A Brief Beginner’s Guide to Gin

– By Michelle Ess –


A prominent Mixologist once told me that gin was the bartender’s spirit of choice. This liquor comes in many different flavors, can be mixed in many different cocktails and embodies a rich history. The creation of gin dates back to as early as 17th century in Holland, where it was used as medicine to treat stomach issues, gallstones and gout. At the time its taste was hardly appealing, so juniper was added for flavor along with its antibacterial properties. Juniper is a coniferous plant that grows berries with a distinct evergreen flavor, which is the prime characteristic of most gins. During the 30 years war from 1618-1648, Dutch soldiers drank gin to remedy the cold temperature and to calm their nerves. For this reason, the spirit was nicknamed “Dutch Courage,” a title that stuck around even after the war. From the 1700s to the mid 1800s, gin became widespread in London, England as distilleries such as Gordon’s, Booth’s and the internationally renown Beefeater Gin emerged. The Golden Age of gin cocktails emerged in the 1920s.

The styles of gin vary by location, aroma and the ingredients used in the re-distillation process. London dry gin is considered a masculine style due to its distinct smell and flavor of juniper. The ingredients include neutral grain spirits, juniper berries (the dominant botanical), lemon, orange and coriander. Primary brands include Beefeater, Tanqueray and Gordon’s. Feminine styles of gin embody a softer juniper aroma mixed with delicate floral flavors. Key botanicals include juniper berries, coriander, cucumber and rose petals. These ingredients are used in New Age gin, which includes Hendrick’s, Bombay Sapphire and Martin Miller’s. With the variety of taste and fragrances, bartenders have a vast menu of cocktails to create. But let’s start with the basics – here are the top 4 classic gin cocktails.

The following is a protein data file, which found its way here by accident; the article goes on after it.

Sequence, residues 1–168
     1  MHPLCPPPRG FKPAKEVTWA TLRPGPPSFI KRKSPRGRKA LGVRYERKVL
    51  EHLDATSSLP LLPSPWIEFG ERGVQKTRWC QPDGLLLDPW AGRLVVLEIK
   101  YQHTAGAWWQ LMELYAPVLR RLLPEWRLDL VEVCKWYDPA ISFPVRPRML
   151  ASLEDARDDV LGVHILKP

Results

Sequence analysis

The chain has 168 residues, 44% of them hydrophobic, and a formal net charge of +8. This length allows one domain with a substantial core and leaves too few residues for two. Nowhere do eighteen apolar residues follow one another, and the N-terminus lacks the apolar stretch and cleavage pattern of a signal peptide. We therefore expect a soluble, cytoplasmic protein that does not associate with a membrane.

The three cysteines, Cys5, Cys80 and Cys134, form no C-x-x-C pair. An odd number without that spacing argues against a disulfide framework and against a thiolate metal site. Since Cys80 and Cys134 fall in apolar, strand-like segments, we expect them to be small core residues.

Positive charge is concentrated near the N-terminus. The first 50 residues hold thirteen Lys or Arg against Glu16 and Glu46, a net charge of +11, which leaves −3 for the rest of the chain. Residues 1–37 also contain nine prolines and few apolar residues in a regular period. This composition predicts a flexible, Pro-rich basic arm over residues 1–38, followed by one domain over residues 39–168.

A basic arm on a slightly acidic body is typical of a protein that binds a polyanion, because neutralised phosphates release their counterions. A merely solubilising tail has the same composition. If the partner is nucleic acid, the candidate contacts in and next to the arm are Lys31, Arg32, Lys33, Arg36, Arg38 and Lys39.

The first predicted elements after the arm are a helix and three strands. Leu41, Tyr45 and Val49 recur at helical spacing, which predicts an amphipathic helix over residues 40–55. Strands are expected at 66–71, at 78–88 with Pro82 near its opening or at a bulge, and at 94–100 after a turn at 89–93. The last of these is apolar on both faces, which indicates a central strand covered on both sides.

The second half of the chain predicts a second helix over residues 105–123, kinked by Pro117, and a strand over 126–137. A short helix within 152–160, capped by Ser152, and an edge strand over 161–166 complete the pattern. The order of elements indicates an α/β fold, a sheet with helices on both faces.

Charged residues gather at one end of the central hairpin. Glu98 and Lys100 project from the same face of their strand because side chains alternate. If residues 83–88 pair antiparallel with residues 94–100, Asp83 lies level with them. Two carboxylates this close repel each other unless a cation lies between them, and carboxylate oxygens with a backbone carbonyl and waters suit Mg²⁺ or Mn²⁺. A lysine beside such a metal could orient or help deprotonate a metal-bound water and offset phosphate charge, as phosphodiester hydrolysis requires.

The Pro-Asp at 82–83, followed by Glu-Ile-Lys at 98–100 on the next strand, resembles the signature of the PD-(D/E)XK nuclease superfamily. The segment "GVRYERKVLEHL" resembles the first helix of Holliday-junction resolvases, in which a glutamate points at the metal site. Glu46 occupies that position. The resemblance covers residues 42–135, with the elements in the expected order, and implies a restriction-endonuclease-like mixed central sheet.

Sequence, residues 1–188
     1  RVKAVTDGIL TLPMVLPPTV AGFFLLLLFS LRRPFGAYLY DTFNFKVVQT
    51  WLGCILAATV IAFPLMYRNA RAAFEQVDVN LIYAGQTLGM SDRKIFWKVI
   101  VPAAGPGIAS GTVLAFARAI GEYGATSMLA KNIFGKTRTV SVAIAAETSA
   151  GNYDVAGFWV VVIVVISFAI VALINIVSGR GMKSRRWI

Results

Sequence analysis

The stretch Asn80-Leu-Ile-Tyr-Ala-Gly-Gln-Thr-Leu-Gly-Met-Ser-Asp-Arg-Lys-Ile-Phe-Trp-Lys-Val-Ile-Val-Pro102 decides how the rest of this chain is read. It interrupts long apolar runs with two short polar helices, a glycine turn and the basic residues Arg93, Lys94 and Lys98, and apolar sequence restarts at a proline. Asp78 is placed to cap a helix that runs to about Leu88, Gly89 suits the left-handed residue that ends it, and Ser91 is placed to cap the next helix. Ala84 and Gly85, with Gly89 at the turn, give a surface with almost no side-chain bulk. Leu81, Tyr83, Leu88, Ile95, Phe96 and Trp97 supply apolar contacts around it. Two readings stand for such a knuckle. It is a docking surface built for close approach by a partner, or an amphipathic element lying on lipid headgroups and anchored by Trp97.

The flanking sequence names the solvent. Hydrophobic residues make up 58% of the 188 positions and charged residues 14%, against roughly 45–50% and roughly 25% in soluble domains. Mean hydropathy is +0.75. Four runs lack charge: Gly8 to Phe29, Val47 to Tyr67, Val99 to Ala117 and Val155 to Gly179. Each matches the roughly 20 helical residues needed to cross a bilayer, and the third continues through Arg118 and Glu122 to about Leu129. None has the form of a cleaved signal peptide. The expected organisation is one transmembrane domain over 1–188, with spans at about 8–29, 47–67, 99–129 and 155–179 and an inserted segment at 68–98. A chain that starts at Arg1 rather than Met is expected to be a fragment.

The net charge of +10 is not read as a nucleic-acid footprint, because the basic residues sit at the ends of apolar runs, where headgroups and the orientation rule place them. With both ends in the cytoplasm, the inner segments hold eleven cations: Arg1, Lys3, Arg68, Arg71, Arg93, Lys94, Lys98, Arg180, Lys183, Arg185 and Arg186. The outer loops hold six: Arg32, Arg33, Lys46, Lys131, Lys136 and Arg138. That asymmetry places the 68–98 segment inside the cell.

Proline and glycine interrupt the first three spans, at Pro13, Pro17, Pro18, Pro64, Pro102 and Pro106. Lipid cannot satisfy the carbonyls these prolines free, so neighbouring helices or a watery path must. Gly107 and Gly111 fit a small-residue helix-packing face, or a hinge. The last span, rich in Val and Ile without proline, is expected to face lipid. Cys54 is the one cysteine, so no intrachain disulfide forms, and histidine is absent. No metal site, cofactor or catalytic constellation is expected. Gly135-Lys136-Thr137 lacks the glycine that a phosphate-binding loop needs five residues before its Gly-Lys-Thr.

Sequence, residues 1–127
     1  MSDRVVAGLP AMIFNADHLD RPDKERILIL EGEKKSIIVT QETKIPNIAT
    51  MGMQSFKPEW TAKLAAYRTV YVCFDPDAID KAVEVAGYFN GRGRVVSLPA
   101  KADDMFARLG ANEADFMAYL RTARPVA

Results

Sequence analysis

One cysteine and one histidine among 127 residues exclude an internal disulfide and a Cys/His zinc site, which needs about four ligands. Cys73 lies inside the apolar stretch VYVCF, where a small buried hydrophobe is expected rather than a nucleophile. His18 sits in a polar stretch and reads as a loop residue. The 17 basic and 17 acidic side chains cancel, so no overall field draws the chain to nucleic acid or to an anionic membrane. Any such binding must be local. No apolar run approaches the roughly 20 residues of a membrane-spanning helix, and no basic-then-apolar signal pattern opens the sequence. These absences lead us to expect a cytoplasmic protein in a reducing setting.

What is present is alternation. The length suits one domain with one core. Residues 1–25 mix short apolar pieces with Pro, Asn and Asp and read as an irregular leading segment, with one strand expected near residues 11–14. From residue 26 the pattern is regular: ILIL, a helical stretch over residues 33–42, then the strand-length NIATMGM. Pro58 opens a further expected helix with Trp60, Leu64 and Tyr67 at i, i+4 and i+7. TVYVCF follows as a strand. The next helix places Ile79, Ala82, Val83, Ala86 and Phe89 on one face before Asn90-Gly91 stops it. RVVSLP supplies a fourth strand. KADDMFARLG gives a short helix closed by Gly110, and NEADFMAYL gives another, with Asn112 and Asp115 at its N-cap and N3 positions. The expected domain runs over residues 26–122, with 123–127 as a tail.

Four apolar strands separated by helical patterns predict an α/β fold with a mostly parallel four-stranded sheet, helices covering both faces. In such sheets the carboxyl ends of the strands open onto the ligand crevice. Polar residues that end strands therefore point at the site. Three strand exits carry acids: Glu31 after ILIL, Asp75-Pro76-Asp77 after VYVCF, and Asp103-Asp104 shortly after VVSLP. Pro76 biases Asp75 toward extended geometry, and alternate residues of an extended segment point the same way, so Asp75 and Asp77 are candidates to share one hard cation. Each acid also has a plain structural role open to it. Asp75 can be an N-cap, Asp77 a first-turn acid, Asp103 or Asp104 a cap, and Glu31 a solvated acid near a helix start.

GnT2Gin & Tonic

A GnT is the most common and easy-to-make gin cocktail. However, the ratio of ingredients is key! Pouring in too much tonic or not including enough ice can make or break this classic drink. Many people believe they dislike gin due to a poorly made GnT. However, if you build this cocktail with perfectly measured parts you’re in for a refreshing treat.

1 oz. London Dry Gin

3-4 oz. Tonic Water

Squeeze of Lime

Lime Wedge

Fill a rocks glass with ice to just over the rim. Pour in gin, top with tonic water and squeeze in juice from lime. Garnish with a lime wedge.



Tom CollinsTom Collins

“Have you seen Tom Collins?” This hoax of 1874 had bar patrons searching for a non-existent Tom who, they had been told jokingly, was seemingly speaking ill of them. Naturally they were encouraged to find him, but he was never found and the “Tom foolery” was revealed! Jerry Thomas (the father of American mixology) named this classic gin cocktail after the well-known joke.

1½ oz. London Dry Gin

2 oz. Bar Lime

2 oz. Club Soda

Lime Wheel

Fill a highball glass with ice to just over the rim. Add gin and bar lime. Cover glass with shaker tin and shake vigorously. Pour back into highball glass and top with soda. Garnish with lime wheel.


In 1919, this Italian apértif was first stirred up in Florence by a bartender serving Count Camillo Negroni. The count requested a stronger Americano, replacing the soda in the cocktail with gin – and the rest is history.

1 oz. London Dry Gin

1 oz. Rosso Sweet Vermouth

1 oz. Campari

Orange Slice or Peel

Fill a rocks glass with ice to just over the rim. Pour in gin, vermouth and Campari. Stir. Garnish with orange slice or peel.GinMartini


Dry Gin Martini

Although James Bond opts for a Vesper (shaken, not stirred), a dry gin martini is the classic go-to! For the best garnish go for an olive skewer, however a lemon twist can be used as well.

2½ oz. New Age Gin

½ oz. Dry Vermouth

Rinsed olives on a skewer

Chill the martini glass. Add ice to just under the rim of a mixing glass. Add gin and vermouth, stir. Julep strain into chilled martini glass. Add olives to garnish.

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